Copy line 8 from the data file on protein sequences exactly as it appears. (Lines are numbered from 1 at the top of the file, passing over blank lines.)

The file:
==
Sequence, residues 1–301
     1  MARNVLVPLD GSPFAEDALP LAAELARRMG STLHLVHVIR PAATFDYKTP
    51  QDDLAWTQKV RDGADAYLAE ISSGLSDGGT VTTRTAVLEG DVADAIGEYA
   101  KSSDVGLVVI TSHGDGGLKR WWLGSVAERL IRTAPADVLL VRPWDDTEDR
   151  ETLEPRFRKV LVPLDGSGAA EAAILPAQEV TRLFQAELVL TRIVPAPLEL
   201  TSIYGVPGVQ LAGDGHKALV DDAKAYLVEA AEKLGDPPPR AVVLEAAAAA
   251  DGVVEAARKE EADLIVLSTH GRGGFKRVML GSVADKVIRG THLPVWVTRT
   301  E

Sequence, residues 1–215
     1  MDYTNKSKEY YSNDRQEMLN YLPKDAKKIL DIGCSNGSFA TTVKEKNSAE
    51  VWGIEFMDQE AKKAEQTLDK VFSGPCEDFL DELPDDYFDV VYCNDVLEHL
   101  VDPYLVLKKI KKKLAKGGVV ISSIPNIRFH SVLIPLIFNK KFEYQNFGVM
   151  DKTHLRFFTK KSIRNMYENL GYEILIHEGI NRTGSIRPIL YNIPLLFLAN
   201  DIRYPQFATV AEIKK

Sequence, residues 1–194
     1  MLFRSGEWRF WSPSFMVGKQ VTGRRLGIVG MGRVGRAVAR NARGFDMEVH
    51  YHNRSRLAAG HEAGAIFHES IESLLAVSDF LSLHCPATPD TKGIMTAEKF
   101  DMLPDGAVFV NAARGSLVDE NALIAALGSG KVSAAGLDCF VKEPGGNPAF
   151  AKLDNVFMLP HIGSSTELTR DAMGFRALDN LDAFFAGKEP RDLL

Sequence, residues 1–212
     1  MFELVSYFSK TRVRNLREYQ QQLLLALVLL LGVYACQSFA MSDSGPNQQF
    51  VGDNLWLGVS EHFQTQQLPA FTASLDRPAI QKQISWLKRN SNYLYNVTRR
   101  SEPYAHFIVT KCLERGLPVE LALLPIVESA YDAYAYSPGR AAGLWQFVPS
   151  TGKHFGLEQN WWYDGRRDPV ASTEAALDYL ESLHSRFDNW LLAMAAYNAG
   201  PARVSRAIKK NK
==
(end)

   301  E